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Dorothy Brown launches listening tour as part of mayoral campaign

Dorothy Brown launches a listening tour as part of mayoral campaign. | Adam Thorp/For the Sun-Times

Clerk of the Circuit Court Dorothy Brown launched a new phase in her mayoral campaign Tuesday, starting a listening tour and a series of “community walks” across the city with an event in Woodlawn.

“You cannot serve the people if you do not know the people. This listening tour is my way to better understand the issues impacting all of the citizens of Chicago,” Brown said.

As part of the event, Brown walked through a series of mid-South Side neighborhoods, speaking to residents and encouraging them to join her at a listening session later in the evening.

At a press conference before the walk, Brown tore into what she characterized as the failures of city government: reported sexual abuse and data breaches at the Chicago Public Schools; the plight of homeless people driven out of a homeless encampment on Lower Wacker Driver last week; and the rash of gun violence last weekend that left nine people dead.

“From all of the outward signs, the city appears prosperous, with new developments breaking ground every day, the prospect of Amazon HQ2 landing here, and even high-speed rail to O’Hare. But those are not the realities that the average Chicagoan can expect to take part in. … How can we be a great city, a world-class city, when the needs of those residents are not being met,” Brown said.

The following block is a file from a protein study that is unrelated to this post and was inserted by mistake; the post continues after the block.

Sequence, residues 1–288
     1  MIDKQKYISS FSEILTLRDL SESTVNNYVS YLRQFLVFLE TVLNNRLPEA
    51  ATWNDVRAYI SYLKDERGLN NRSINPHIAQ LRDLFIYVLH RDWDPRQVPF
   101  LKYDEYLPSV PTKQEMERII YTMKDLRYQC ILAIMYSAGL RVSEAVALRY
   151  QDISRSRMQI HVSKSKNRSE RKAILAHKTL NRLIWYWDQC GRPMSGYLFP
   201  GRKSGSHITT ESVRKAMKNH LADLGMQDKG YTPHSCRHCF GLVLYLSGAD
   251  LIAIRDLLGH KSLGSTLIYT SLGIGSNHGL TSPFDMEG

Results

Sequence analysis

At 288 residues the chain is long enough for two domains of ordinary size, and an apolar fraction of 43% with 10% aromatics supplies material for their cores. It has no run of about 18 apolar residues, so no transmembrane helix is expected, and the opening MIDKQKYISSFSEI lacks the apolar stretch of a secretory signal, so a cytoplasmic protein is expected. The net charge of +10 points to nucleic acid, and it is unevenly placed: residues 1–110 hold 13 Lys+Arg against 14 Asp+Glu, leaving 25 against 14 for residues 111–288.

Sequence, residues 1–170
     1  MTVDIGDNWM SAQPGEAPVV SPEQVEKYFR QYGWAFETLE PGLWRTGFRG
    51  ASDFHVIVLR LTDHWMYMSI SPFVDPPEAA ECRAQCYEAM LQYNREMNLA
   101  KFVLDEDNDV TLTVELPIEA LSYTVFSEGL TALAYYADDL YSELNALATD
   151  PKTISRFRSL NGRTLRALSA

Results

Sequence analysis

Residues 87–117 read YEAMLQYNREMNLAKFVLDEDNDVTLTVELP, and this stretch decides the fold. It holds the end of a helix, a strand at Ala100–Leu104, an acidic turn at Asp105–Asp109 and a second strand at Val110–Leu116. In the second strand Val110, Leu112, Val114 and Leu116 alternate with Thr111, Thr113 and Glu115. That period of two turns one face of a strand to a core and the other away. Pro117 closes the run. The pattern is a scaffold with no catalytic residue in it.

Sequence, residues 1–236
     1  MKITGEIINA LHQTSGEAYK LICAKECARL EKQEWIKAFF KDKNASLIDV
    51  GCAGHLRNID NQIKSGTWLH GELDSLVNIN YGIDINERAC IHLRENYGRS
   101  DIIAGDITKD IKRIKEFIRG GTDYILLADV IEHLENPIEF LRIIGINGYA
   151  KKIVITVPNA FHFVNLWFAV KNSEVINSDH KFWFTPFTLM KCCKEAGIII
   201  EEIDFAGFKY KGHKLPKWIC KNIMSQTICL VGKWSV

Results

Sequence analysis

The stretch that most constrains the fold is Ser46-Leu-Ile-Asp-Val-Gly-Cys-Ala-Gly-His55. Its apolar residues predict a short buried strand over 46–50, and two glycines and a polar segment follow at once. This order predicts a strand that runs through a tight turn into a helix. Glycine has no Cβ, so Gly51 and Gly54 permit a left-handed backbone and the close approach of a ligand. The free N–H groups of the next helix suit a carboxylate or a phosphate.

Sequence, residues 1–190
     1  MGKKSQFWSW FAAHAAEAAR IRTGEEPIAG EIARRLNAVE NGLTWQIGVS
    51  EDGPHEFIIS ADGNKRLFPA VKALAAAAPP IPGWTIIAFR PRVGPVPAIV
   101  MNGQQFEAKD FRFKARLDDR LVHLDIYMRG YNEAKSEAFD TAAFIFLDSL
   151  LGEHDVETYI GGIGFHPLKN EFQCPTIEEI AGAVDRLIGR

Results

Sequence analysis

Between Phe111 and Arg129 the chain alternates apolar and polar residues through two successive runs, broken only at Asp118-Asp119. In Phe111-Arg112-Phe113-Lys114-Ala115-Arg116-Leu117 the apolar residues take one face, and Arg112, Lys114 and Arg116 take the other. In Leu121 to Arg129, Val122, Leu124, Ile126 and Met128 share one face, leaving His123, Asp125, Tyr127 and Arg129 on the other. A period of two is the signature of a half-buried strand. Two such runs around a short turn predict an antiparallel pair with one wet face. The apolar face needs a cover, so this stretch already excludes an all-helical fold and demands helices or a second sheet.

Brown walked through a series of mid-South Side neighborhoods, speaking to residents and encouraging them to join her at a listening session later in the evening. | Adam Thorp/For the Sun-Times
Brown walked through a series of mid-South Side neighborhoods, speaking to residents and encouraging them to join her at a listening session later in the evening. | Adam Thorp/For the Sun-Times

Additional stops on the tour are scheduled in other parts of the city in coming weeks, starting with an event in the South Loop next Tuesday. Brown, who has rebutted concerns that the number of black candidates in the mayoral campaign will dilute the power of black voters, repeatedly emphasized that her campaign would be aimed at all Chicagoans.

Cars honked their horns in support as Brown and her supporters made their way down Martin Luther King Drive toward the Stateway Gardens housing complex, and a few drivers pulled over to the curb to express their support in person.

Brown is the target of a federal investigation into accusations that jobs and promotions in her Court Clerk office were traded for campaign donations.

A Chicago Sun-Times analysis of her office in March of this year found that 15 Court Clerk employees got promotions within six months of donating to Brown’s campaign. Hiring in her office was put under judicial supervision earlier this month.

Between her office’s legal problems, the already competitive mayoral field, and her poor performance in her 2007 challenge to then-Mayor Richard M. Daley, Brown’s decision to wade into the race in April was greeted with confusion by some political prognosticators.

Brown’s fundraising in the campaign so far has been dwarfed by both incumbent Rahm Emanuel’s huge war chest and the campaign funds of several other challengers. It is still unclear whether her campaign will find traction, but Brown has a record of citywide electoral success in four elections for Court Clerk, and won re-election in 2016 in the face of opposition from the Cook County Democratic Party, which endorsed her opponent.